Reality from reality
Every day we are faced with multitudes of external experiences
which deluge our senses.
How do we manage to deal with and focus on those which are
important and those which are not. This article looks to explain
how we manage this feat using filters to focus on the essentials
and ignore those events which are not essential to us.
As previously covered all life events are external experiences
which we process, categorise and store in our mind. As that
process takes place we add context to the experience based
on what it means to us. If the event is of importance we
may attach an emotional context to the experience.
If the event is something of a trivial inconvenience.
It will receive less context. In this way we build up our
library of experience, and commit a level of importance to
Some of these events become beliefs and truths, some
become conditions by which we make judgments, whilst the
majority are used to as reference points to make decisions
as we move through daily life. This library is in essence our
entire lifetime of experience and learning.
It forms our personal reality.
Our brain has been proven to be limited in the amount of data
it can process at any one time. In order for it to deal with the
incredible amount of data passing through it each day. It
resorts to a series of filters to control the data flow.
Deletions: The first of these is a bit like the rubbish bin on a computer.
The mind simply deletes the data completely. No attempt is
made to process the data after it has passed beyond that moment
Examples of this may be driving, we have an extreme focus on
what is going on at that moment in time. What went before it
no longer has any relevance and is therefore forgotten. Try to
recall every thing from your last driving experience. Chances
are only things which took on some form of relevance will be
Distortions: Here the input is referenced and compared to our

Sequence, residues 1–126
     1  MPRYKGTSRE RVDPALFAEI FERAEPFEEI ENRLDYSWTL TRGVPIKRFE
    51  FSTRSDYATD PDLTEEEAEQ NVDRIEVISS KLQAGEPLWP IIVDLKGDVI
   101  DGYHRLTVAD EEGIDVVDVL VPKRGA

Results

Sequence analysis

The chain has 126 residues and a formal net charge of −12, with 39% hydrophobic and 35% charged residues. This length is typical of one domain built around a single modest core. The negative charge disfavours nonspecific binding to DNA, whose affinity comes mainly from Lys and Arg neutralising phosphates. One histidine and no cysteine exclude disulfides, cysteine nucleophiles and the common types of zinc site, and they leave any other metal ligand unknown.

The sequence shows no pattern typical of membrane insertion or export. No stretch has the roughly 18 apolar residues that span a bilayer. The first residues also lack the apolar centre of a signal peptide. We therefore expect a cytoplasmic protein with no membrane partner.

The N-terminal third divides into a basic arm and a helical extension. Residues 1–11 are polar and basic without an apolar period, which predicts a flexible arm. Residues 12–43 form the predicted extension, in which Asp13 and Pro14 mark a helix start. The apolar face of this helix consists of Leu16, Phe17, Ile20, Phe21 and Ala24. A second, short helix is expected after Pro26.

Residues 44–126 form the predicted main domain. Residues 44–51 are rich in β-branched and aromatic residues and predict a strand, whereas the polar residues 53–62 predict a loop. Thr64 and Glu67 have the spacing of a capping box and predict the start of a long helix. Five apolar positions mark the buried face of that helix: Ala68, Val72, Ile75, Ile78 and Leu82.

existing knowledge base, however it is altered in such a way as
to fit in with our concept of what it should mean.
Distortion allows us to create, manipulate, and mould the sensory
data into a unique set of ideals.
Which fit into to our own personal model of the world. Is it one
of the main reasons why different people looking at the same
thing, can hold different perspectives on it. We see the same thing,
yet we interpret what we see in different ways
Generalisations: Here the sensory data is once again compared
to our knowledge base. We then make an evaluation of the
data and categorise the experience under a specific label.
That label is accepted as a fact in our sense of reality.
We do this in an effort to simplify the task of categorising
experience, which helps to us make quick decisions in the future.
Without the ability to generalize, it would become extremely hard t
o make decisions based on facts as we see them.
When taken to the extreme they can be the underlying cause of
for some our most serious behaviour and attitude issues.
These then are the main filters used to control the flow of sensory
data through our minds every second of every day. Without
them we would be overwhelmed with sensory data and be
unable to function as we do.
Hope this article proved interesting
All the best